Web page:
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GM breaks ground on China hi-tech car lab


July 19, 2010 – US auto giant General Motors broke ground in Shanghai on Monday on a research facility that will develop electric cars, lightweight materials and alternative fuel technology for China and the world.

The 250,000-dollar facility, which is due to be completed by the end of 2011, will house a 300-plus team of designers, engineers, researchers and technicians, GM China President Kevin Wale told a news conference.

“Clearly the growth of China as the most important growth market in the world means that we’re going to be putting more of our resources in advanced technology and research here,” Wale said.

GM is the market leader in China, which overtook the United States for the first time last year to become the world’s biggest auto market.

The US automaker and its joint venture partners expect to sell more than two million cars in the country this year after selling a record 1.83 million in 2009.

Reflecting China’s importance to GM, the company has located its international headquarters to Shanghai, where it has a joint venture with Chinese automaker SAIC.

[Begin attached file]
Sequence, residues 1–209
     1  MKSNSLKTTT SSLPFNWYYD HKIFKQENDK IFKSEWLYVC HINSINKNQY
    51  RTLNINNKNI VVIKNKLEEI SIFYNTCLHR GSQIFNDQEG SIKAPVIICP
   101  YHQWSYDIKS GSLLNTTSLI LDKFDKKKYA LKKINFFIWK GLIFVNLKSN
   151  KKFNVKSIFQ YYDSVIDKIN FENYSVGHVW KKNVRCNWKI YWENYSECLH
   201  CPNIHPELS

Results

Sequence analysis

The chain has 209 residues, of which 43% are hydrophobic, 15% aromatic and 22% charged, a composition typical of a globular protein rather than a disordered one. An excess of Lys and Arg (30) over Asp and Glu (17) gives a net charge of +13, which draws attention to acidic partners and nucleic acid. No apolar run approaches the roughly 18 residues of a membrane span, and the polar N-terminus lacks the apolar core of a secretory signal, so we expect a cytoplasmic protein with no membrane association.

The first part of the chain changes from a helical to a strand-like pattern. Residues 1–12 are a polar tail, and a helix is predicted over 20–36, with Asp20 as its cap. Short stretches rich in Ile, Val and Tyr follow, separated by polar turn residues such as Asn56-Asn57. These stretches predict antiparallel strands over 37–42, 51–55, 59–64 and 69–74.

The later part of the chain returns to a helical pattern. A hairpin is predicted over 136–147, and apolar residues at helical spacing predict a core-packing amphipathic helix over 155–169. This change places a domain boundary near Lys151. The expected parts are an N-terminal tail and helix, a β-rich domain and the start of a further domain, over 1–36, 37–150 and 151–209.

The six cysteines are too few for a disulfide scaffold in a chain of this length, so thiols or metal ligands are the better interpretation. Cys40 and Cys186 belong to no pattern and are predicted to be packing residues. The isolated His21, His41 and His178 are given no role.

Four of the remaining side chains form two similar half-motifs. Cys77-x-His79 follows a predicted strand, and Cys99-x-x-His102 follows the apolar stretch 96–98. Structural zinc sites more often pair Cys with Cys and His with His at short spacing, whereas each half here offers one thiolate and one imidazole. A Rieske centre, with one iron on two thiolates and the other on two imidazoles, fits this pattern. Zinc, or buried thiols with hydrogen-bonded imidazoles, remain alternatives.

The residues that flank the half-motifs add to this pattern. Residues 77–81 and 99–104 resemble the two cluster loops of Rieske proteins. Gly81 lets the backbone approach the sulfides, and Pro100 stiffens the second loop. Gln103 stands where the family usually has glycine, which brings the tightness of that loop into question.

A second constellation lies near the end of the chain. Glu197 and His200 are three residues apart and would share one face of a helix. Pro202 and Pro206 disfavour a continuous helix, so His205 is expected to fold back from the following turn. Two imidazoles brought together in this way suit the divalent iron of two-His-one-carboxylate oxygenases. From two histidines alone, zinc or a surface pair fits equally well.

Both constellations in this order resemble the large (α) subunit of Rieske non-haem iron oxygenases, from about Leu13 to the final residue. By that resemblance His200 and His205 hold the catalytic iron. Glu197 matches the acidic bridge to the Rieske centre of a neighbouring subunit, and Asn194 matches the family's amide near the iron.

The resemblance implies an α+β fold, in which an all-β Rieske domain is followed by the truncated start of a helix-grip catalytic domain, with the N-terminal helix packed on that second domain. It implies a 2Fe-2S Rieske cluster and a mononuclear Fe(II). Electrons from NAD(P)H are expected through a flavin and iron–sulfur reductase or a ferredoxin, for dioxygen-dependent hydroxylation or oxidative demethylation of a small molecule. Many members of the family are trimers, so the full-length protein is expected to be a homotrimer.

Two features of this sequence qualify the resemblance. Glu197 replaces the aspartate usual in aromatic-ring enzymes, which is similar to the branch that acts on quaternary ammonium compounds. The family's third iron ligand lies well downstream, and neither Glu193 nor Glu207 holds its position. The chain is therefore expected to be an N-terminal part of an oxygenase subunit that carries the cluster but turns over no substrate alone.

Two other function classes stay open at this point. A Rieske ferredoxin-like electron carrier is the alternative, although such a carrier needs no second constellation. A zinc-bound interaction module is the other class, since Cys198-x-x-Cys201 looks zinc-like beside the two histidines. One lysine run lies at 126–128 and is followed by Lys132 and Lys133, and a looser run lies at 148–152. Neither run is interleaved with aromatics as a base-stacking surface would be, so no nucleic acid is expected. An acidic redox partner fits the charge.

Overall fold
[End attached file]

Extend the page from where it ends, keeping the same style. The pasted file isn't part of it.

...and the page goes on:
GM’s China Advanced Technical Center will include nine research labs and 62 test labs for work on new propulsion systems, petroleum alternatives, electrification systems and new engines and battery cells, the company said.

“We are trying to be at the forefront of learning,” Wale said. “We are testing new ideas, testing new design frontiers and trying to find applications that can continue to help us lead in technological development.”

In the coming years, GM will aim to “recruit some of the best brains in China’s academic system” to develop vehicles and technologies that will be used in the companies vehicles sold in China and overseas.

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“On every new product we’re looking at, the China voice is getting stronger and stronger. There’s more and more understanding of their needs and more and more interest in applying that,” Wale said.

Cars with smaller engines and plusher interiors, such the Buick Lacrosse, show how Chinese consumer tastes are influencing GM globally, Wale said.

“It’s just a logical extension of the success of the China market and our success over here,” he said.

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